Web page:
The incoming Sacramento Police Chief has a tall order ahead of him.
It includes helping to smooth racial tensions in the community, boost officer morale and curb violence.
Sacramento is tapping current Roseville Police Chief Daniel Hahn for the job, which was left vacant since Chief Sam Somers retired late last year.
Pending a routine background check, Hahn could begin leading Sacramento PD as soon as summer.
"One of the best things for morale, for law enforcement in general, is a great relationship with the community and having a community that supports them a lot," Hahn said.
A feeling of being on the same team is something some argue is missing in Sacramento.
"Regardless of if that's true in every single situation, the fact that people believe that is a major problem, and so it's something that we have to address," Hahn said.
Hahn will step into a department facing strained relations with parts of the community.
Last July, two Sacramento police officers shot and killed Joseph Mann, after they say he threatened them with a knife. Mann was homeless, and his family said he was mentally ill. Recordings released raised questions about the officers' intentions. Black Lives Matter protestors gathered in support of Mann's family.
In January, the district attorney cleared the two officers of acting unlawfully.
What hasn't cleared is the racial tension. Incidentally, Hahn will become Sacramento's first African American police chief - just as he was in Roseville.
"The fact that I'm black will get me into some doors, but at the end of the day, if we're not a successful police department and we don't have a great relationship with the community, the fact that I'm black won't make any bit of difference," Hahn said.
Before he left for Roseville, Hahn served 23 years with the SPD, where he lead a number of divisions and rose through the ranks. He was then tapped to be Roseville's police chief in March 2011.
"We've done some unique things with issues surrounding homelessness and probably moreso with mental health," Hahn said.
It's an approach he hopes to implement with Sacramento's homeless population, as he steps into the new role.
"The most important thing is that I'm a successful police chief that helps guide a police department to successfully serve a community, and in this case, it's Sacramento," Hahn said.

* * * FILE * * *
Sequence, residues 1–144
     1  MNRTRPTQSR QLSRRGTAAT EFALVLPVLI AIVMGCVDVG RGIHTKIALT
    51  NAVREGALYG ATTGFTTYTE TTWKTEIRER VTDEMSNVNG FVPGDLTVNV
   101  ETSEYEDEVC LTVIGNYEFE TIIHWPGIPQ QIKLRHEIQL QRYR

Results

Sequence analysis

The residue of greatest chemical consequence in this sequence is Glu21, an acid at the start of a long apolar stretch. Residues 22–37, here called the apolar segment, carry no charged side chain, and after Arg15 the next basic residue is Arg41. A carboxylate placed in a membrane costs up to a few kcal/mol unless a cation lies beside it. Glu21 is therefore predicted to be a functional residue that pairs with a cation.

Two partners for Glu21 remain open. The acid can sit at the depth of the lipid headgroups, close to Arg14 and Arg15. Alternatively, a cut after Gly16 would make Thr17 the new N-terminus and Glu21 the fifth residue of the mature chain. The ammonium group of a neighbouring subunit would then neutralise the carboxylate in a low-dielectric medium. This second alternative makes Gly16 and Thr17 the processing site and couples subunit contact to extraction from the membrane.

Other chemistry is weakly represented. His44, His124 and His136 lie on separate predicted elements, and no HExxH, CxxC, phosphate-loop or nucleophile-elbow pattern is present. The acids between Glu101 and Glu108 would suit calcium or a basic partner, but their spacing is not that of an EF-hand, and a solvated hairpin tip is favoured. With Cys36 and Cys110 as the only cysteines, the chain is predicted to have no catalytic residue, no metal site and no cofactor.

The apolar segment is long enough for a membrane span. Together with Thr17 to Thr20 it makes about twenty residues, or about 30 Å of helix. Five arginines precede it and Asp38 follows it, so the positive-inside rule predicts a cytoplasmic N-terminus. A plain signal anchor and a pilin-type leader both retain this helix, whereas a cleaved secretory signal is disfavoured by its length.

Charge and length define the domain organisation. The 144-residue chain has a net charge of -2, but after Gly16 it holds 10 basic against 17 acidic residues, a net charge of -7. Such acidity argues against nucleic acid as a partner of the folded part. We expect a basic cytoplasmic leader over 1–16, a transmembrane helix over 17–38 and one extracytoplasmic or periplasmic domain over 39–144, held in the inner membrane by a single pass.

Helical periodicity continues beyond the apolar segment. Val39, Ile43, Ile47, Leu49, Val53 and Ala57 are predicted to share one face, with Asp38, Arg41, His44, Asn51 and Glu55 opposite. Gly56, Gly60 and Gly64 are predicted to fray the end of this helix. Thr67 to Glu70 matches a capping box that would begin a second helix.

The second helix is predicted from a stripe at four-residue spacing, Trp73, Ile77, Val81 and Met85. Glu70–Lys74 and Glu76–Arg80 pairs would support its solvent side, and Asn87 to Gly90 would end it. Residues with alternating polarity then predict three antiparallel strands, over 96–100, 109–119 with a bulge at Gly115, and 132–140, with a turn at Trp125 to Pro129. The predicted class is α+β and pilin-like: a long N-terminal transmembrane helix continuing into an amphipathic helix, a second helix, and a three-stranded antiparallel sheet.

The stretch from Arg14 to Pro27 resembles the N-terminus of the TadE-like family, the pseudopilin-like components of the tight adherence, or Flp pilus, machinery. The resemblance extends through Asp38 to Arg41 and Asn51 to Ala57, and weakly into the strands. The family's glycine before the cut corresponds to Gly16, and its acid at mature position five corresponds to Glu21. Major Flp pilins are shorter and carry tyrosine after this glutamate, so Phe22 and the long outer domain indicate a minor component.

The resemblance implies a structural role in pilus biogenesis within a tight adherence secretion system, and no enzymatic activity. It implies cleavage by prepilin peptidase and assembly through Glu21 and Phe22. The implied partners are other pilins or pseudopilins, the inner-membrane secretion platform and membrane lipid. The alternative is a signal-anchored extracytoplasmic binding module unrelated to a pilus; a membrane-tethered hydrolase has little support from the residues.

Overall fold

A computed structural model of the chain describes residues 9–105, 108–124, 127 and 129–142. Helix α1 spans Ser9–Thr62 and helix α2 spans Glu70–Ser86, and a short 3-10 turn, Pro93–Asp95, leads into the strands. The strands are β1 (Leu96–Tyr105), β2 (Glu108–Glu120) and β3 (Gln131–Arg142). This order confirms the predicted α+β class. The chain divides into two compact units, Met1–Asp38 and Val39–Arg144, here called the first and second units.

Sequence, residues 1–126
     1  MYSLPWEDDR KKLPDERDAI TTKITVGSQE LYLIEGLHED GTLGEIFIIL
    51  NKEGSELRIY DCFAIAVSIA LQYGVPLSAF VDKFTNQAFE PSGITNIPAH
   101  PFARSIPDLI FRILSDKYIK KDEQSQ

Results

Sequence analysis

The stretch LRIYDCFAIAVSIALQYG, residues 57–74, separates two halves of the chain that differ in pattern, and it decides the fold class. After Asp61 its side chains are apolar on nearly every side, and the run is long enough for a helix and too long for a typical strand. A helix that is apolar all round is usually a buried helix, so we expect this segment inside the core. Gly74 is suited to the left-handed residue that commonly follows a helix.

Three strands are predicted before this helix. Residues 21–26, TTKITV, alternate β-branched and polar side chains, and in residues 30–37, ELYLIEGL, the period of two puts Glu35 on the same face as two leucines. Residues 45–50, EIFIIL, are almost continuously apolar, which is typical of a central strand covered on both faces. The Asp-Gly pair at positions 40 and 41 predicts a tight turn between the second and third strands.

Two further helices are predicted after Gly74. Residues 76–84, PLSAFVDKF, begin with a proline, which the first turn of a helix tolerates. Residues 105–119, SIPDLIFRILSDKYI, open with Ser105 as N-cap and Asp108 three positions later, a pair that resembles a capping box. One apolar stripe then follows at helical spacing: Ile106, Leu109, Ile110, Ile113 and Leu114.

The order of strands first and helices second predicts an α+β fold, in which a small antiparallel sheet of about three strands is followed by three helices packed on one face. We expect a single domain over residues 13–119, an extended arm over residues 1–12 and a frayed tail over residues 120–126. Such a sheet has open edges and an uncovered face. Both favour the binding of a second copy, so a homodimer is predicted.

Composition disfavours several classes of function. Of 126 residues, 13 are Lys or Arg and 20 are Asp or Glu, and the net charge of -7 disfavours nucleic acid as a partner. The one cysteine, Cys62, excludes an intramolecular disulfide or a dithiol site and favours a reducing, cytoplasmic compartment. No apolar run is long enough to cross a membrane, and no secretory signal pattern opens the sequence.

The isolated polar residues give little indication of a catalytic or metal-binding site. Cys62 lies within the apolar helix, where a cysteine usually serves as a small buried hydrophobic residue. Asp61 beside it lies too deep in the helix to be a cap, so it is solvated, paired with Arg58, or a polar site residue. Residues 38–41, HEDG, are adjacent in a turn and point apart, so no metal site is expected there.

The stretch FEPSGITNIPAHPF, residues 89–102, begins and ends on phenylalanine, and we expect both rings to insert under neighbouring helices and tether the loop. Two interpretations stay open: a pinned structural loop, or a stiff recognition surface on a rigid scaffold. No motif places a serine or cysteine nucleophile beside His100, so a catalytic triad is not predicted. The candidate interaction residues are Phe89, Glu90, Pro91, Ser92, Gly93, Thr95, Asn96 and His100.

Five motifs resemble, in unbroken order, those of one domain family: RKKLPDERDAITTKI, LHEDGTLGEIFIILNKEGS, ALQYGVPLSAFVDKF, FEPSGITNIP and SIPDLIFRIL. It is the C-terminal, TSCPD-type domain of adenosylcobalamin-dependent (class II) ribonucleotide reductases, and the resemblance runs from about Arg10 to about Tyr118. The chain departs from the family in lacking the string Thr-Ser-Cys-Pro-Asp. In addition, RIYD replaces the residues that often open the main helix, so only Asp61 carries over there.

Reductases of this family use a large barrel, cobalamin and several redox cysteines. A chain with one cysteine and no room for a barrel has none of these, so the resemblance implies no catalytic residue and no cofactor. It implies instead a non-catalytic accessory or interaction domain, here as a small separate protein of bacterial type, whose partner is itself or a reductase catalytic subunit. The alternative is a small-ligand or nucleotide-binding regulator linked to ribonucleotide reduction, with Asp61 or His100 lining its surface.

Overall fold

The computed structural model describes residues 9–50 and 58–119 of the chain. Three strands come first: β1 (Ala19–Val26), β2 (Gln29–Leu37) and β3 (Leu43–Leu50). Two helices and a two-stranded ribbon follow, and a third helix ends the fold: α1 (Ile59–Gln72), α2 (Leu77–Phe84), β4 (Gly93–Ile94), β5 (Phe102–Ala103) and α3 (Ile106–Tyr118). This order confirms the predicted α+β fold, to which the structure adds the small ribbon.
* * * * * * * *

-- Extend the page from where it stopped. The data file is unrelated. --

Hahn and his wife have two pre-teen daughters. He coaches their summer track program RPM Legacy. This Sacramento native didn't always want to be a police officer.
"I'd love to tell you that I became a police officer at 19-years-old because I wanted to give back to the community and do all that, but it was $5 an hour more than I was making," Hahn said. "My goal was always to leave the police department after I got my degree in business from Sac State and start a business and become a teacher or something like that."
About 10 years into the job as a police officer, he had a realization.
"I was doing a lot of community things in the police department," including running the academy at Grad High School," Hahn said. "I realized that I could do community things as a police officer, and that's about the time I decided to stay."
As a teen, he once saw the other side of the law, too.
"I was arrested at 16 years old, while I was going to Sac High, in the living room of my home by Sacramento Police Department," Hahn recalled, "for what I believe was termed assault on an officer. I was never actually charged."
Still, he was handcuffed and taken to juvenile hall.
"My mom made me sit there for about four hours after they decided to drop the charges," Hahn said.
Hahn credits his mom for pushing him to achieve and be the best version of himself.
"I grew up with a single mom pretty much most of my life, but she was on me, and she was engaged and she was involved in everything I did," Hahn said. "My life is a example of what we can be as a society: being put up for adoption at birth and being adopted by my mom and all the things that my mom and the community have done for me."
Hahn is a Sacramento native and said it's, "very special to give back to the community that's given me so much." As far as being Sacramento's first black police chief, Hahn said the fact is not lost on him.
"There is a certain responsibility that I have and that I feel when I take on roles like this, because I don't want to let other people down," Hahn said, adding he wants to "ensure that people can see that anybody can do these jobs if they're dedicated enough."
At the same time, he said, "if the only thing that I'm known for when I retire is that I was the first African-American chief of the police department in Roseville or Sacramento, then I've failed."
He wants his legacy to be one of openness, transparency, improving community-police relations and making a positive impact on his city.